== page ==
Americans view compromise as a good thing in principle, though they sometimes punish those who try to find that compromise. This week’s Economist/YouGov poll suggests that remains true, even while Congress works to pass a revised bipartisan infrastructure bill. They did succeed in crafting a bill that gets the support of Republicans, Democrats and Independents alike.
Republican support, however, just below half – although they still tend to support the bill by almost 2:1. GOP opposition in part stems from the belief of more than a third of Republicans that they will be personally harmed by its passage. Nevertheless, four in ten in this group still support the bill. Democrats, meanwhile, are overwhelmingly positive, and a majority of Independents are also in favor.
Conservatives, especially those who describe themselves as very conservative, are less supportive of the infrastructure bill than liberals or moderates. Among Republicans, for example, only 39% of those who call themselves very conservative support the compromise bill, compared to 53% of other Republicans.
Across the ideological spectrum, Democrats are in favor. There is little indication in this poll that the most liberal of Democrats in the public reject the bill (as some Democratic representatives are threatening to). Six in ten Democrats who call themselves very liberal support the compromise bill (62%) and just 15% oppose it, not much different from overall Democratic opinion. The bill did, after all, begin as a Democratic president’s initiative.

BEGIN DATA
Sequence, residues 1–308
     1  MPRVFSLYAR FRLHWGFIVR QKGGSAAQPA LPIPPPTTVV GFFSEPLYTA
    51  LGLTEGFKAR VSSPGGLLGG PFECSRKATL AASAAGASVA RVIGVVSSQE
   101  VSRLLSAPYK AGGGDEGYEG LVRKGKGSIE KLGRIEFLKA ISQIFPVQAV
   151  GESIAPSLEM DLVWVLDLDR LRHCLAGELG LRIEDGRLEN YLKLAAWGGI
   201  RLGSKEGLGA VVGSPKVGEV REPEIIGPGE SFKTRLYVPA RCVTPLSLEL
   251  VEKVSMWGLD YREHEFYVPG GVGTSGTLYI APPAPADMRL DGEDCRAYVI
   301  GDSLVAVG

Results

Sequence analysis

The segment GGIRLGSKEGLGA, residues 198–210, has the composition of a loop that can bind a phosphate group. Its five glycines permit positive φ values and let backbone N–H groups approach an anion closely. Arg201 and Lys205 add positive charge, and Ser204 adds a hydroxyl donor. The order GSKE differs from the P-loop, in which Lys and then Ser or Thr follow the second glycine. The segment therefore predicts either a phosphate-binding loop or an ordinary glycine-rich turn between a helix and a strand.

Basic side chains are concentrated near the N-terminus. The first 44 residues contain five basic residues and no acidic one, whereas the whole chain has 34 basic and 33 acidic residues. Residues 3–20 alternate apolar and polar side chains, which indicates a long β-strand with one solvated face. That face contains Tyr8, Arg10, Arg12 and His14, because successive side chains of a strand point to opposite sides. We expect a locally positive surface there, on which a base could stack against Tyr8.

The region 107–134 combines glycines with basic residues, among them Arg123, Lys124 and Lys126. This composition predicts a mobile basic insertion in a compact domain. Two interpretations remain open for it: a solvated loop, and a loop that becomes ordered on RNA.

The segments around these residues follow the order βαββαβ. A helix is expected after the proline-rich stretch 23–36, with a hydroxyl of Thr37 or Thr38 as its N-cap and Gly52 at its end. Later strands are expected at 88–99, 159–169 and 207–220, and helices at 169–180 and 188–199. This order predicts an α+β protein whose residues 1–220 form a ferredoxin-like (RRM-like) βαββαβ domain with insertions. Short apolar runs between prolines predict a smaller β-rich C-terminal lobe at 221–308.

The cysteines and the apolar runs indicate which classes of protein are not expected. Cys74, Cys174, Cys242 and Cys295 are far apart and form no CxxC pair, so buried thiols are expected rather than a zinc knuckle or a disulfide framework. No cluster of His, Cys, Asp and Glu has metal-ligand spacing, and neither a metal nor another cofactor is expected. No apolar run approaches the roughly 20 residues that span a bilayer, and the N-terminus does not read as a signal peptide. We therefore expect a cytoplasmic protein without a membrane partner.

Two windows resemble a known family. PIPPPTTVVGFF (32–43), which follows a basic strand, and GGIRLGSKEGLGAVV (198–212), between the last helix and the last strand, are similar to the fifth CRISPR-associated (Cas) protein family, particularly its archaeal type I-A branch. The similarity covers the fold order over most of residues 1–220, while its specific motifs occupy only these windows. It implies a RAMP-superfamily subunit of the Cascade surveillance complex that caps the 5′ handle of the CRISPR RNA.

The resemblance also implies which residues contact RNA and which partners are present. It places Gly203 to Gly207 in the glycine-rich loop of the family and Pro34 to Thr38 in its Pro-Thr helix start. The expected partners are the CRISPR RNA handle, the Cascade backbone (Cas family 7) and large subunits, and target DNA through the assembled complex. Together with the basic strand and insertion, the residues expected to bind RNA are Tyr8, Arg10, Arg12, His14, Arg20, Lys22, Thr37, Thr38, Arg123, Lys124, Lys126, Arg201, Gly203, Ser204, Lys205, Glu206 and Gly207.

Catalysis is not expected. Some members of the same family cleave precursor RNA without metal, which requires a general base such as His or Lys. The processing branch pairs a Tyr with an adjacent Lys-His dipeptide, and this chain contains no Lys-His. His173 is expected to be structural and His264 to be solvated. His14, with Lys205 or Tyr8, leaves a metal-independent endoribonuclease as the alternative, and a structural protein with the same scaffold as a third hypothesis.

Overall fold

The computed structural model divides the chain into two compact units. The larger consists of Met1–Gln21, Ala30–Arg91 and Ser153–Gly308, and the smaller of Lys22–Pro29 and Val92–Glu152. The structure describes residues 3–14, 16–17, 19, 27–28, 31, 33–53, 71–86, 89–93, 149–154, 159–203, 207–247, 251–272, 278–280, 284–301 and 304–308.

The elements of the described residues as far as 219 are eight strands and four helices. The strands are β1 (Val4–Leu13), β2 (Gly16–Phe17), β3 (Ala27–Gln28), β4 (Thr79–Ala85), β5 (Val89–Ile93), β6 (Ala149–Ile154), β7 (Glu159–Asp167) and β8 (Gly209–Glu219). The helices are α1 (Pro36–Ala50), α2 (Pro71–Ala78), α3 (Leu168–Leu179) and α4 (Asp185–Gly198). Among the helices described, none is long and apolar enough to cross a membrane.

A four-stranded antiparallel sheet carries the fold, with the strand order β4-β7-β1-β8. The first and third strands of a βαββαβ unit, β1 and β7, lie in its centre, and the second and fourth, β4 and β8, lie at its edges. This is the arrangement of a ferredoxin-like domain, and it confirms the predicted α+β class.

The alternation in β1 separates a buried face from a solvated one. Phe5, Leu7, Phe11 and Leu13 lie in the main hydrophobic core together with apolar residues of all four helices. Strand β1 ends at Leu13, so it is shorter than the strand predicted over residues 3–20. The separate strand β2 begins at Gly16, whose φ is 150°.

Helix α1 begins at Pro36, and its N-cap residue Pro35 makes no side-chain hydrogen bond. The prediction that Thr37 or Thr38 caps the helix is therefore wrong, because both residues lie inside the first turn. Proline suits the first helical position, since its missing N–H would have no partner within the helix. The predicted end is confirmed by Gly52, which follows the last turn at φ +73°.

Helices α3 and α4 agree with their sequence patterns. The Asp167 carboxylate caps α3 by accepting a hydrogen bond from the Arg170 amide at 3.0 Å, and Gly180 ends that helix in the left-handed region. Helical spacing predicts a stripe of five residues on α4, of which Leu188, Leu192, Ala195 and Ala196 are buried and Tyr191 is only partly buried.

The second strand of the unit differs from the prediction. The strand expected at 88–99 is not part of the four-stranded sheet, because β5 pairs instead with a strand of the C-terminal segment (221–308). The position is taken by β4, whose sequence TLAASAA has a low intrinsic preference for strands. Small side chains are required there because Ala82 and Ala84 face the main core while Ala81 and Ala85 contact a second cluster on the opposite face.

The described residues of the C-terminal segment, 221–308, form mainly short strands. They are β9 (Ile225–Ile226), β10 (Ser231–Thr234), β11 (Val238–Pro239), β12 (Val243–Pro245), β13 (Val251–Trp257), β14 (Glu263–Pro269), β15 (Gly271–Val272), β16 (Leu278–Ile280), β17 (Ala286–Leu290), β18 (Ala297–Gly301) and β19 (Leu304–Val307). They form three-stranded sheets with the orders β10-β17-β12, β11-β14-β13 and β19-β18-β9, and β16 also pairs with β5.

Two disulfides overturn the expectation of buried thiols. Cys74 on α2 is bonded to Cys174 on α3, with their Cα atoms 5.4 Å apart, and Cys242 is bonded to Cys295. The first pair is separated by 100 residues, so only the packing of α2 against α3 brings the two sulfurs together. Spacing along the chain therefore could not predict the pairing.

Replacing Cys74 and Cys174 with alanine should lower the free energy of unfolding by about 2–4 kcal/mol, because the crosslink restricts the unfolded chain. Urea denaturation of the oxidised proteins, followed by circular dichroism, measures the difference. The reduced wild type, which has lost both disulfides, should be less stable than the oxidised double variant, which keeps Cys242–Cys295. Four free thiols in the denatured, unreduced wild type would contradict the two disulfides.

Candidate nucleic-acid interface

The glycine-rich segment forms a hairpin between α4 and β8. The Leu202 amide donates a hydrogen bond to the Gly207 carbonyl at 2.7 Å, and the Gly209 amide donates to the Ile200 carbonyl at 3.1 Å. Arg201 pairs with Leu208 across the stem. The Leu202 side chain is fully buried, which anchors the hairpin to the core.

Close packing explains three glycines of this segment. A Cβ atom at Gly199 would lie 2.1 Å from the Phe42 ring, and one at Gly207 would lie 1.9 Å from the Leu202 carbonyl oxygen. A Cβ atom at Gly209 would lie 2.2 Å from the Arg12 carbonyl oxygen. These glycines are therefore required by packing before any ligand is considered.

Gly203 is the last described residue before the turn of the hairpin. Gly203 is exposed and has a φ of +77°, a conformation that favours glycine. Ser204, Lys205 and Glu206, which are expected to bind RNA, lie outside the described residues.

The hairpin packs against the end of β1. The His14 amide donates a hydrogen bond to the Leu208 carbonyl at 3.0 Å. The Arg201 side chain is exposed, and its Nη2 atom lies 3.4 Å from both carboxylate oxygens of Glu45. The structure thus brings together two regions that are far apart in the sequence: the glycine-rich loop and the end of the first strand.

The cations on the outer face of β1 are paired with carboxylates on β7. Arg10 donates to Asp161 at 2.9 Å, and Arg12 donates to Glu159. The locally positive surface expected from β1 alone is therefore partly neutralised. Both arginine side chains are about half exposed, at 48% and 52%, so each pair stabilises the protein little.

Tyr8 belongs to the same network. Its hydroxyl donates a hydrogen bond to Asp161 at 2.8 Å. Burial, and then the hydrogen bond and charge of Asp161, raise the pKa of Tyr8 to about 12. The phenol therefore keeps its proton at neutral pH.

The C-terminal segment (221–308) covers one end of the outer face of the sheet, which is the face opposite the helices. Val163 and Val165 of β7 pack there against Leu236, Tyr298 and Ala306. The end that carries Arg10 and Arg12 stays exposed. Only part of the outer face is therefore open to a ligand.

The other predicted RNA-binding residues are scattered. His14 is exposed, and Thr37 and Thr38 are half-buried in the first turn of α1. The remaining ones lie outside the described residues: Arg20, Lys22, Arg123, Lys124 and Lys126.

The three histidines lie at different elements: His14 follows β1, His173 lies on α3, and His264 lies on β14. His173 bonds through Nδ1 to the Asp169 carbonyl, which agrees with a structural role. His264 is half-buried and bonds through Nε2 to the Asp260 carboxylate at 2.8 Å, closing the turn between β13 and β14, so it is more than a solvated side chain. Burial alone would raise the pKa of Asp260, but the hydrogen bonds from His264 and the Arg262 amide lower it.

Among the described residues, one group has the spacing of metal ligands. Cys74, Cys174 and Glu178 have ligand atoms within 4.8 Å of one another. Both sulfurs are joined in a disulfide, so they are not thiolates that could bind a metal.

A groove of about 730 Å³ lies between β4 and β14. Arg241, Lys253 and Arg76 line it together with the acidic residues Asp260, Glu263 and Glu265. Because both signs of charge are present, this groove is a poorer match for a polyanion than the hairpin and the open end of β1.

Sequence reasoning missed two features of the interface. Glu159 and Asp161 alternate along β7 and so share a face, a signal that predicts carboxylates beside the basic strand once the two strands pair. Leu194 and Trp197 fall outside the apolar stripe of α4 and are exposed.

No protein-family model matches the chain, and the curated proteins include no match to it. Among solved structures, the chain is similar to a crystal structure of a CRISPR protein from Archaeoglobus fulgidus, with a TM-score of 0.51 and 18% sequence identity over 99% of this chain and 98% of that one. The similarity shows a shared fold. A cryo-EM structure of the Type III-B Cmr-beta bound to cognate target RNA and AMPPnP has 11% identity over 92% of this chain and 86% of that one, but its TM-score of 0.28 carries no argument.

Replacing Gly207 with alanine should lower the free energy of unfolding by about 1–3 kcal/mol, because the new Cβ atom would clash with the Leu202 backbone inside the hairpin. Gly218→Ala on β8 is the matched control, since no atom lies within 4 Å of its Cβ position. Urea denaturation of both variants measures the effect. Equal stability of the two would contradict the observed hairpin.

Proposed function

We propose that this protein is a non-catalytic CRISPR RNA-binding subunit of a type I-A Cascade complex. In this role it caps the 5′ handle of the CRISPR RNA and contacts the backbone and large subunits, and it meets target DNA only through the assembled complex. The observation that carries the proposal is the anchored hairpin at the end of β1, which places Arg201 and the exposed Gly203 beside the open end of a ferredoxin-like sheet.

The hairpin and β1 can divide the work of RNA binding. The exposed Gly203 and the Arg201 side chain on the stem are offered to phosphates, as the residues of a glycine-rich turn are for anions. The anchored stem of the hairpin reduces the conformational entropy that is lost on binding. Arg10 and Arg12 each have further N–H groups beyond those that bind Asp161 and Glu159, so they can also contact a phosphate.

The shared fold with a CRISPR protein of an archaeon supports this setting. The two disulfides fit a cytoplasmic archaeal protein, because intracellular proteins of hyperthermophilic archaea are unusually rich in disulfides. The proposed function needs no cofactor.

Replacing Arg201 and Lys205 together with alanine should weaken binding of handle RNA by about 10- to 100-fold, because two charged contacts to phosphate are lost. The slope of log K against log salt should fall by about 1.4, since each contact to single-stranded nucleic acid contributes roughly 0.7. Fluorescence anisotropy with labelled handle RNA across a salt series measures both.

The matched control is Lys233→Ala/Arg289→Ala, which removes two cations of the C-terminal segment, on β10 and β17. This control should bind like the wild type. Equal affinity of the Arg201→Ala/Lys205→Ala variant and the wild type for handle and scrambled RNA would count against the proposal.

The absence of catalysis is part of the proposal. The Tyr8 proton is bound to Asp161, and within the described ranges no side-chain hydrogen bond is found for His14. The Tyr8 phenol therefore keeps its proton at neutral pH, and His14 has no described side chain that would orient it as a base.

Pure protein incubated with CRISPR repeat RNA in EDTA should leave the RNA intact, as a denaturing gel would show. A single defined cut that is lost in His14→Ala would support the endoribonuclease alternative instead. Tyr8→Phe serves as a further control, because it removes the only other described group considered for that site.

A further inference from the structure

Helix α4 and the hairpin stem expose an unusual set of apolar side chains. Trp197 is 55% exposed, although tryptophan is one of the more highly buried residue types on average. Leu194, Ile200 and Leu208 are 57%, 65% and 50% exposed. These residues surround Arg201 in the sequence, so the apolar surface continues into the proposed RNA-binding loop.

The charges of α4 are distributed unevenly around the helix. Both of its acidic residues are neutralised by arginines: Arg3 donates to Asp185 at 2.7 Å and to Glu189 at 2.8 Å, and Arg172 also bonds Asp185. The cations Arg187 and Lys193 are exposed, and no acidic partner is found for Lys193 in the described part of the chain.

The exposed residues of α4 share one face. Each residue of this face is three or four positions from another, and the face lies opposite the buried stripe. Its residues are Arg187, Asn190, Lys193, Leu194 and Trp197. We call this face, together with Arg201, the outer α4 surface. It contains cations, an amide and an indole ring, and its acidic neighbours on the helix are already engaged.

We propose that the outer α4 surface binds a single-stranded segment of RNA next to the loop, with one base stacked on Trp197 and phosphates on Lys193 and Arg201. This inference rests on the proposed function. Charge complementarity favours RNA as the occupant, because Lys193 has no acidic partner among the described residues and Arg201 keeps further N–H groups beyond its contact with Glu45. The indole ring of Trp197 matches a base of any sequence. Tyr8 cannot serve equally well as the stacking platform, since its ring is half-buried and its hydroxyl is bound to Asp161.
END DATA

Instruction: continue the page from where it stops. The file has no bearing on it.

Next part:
This Economist/YouGov poll also asked Americans to rate five of the ten senators involved in the negotiations. Reaching their hands across the aisle may have helped these senators when it comes to how the other party views them, but it may also have hurt them with their own.
For the Republican senators, at least twice as many Republicans hold negative as positive views of each of them: Mitt Romney of Utah (63% vs 21%), Susan Collins of Maine (39% vs 20%), and Lisa Murkowski of Alaska (40% vs 15%).
The Democratic senators too prove unpopular with their own party’s voters: Joe Manchin of West Virginia is disliked by 44% and garners the approval of only 20%, while the less well-known Kirsten Sinema of Arizona draws unfavorable views from 35% and favorable ones from only 17%.
Even more striking, Democrats are more likely than Republicans to have very unfavorable views of the two Democratic senators, and Republicans are similarly more likely than Democrats to have very unfavorable opinions of Murkowski and Romney. Republicans who oppose the compromise infrastructure legislation are also particularly negative about the senators of their party who helped craft the bill.